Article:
Five companies have been chosen to be a part of the South Australia’s first space incubator program called the Venture Catalyst Space, according to an announcement made.
The program is a part of the A$ 4 million Space Innovation Fund of the State Government and will be delivered by the University of South Australia’s Innovation and Collaboration Centre (ICC), together with its global partners, the South Australian Space Industry Centre and the International Space University.
The companies will be working with ICC’s Entrepreneur in Residence and a network of expert advisers over a period of 6 months to test their ideas and develop their businesses.
Ping Services uses a ‘ping monitor’ in order to detect damaged blades on wind turbines using sound waves.
The device relies heavily on satellite communication since wind farms are located in areas with limited mobile phone reception.
Turbine monitoring is currently being performed periodically with the use of photography, by manual inspection or by drone inspection, which is done as infrequently as every 18 months.
ResearchSat is working on medical research in space. Small satellites were developed by the team. These satellites can take microbiological experiment in space in a confined and controlled environment.
This is done in order to monitor the behaviour as well as catalogue any changes so that new pharmaceutical drugs can be developed someday to treat diseases.
The satellites were developed to be feasible, accessible and affordable for all researchers.
A future where drones are flying all around is what Wright Technologies have imagined. They are focused on the significance of a universal standard that will ensure the infallible identification and tamper-proof tracking of drones.
‘Seraph’ is a unique system for drone registration and real-time tracking to improve its safety and security. Moreover, by developing a drone ecosystem, barriers to innovation will be reduced.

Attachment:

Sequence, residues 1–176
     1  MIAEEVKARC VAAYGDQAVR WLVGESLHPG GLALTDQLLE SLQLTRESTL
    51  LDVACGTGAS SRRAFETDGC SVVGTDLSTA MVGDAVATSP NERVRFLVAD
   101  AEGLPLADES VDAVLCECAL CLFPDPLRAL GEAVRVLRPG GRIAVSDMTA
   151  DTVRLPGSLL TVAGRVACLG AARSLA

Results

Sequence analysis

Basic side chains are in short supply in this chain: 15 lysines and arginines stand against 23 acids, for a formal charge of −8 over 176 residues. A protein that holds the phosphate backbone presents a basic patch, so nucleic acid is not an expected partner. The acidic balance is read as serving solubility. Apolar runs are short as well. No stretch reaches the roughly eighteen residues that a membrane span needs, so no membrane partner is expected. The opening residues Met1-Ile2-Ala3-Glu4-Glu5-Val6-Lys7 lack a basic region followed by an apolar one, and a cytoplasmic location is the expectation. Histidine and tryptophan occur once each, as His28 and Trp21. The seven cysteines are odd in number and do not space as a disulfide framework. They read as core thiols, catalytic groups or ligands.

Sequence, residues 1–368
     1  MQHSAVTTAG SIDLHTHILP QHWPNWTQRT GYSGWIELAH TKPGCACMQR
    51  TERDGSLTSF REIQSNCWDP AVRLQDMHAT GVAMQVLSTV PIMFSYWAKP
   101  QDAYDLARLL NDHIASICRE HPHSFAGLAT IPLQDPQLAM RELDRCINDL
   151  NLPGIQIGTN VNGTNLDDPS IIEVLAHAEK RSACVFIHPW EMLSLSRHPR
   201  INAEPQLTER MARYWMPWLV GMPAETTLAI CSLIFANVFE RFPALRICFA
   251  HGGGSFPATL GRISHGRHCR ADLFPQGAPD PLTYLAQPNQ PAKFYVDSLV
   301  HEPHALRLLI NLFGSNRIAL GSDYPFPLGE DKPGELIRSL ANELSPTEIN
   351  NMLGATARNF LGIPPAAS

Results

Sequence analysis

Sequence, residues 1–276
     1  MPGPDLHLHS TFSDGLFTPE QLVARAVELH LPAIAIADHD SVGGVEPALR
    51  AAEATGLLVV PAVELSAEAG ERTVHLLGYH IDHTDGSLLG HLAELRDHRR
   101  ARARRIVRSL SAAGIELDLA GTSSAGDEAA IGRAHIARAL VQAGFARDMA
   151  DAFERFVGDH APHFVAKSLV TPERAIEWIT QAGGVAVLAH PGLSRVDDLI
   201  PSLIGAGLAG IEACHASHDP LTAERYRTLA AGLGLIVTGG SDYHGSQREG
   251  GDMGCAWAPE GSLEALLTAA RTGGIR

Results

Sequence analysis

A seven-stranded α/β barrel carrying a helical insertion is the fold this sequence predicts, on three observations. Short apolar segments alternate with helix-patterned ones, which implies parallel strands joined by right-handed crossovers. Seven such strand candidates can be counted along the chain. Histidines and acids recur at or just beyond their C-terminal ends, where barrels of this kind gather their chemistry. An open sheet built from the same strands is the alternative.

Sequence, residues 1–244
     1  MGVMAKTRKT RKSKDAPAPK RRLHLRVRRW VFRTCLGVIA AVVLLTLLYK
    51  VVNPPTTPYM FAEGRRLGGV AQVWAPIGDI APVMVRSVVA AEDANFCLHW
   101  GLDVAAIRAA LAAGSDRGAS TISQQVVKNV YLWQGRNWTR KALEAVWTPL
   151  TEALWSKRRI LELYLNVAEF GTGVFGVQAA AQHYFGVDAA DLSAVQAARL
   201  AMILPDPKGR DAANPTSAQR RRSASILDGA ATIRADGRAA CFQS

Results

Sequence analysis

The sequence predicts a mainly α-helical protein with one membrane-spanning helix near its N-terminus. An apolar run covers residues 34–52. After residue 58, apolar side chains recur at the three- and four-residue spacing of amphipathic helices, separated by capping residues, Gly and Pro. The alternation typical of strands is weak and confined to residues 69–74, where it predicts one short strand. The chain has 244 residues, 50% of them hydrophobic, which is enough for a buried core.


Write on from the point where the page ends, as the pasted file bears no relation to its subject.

Remote locations that are too far from wireless coverage will have a safety system thanks to Safety from Space.
An alternative to ridiculously expensive satellite phones is a supplementary service and support infrastructure, which is proposed by the team.
This will provide specific messaging through a satellite during hazardous situations that could rapidly turn into an emergency.
Tekuma, the only start-up from New South Wales, has developed the next generation of intuitive hand controller hardware or ‘joysticks’.
This hand controller uses patented technology and custom firmware to process the tactile hand movements of the user, allowing them to control an object, such as a drone, with only one hand.
The solution is sturdier and more secure than the current ones in the market. More importantly, it is universal, which allows it to ‘speak’ to all drones or other hand-controlled objects such as remote robots or jet packs.
The 5 successful companies will be receiving a series of capability workshops, one-on-one mentoring, workspace and a stipend of A$ 6,000.
They will also be given the chance to pitch for a fully-funded overseas tour to the United States or Europe so that they can network with relevant space industry primes, investors and fellow start-ups.
Venture Catalyst Space will run over the next four years with the support of the State Government.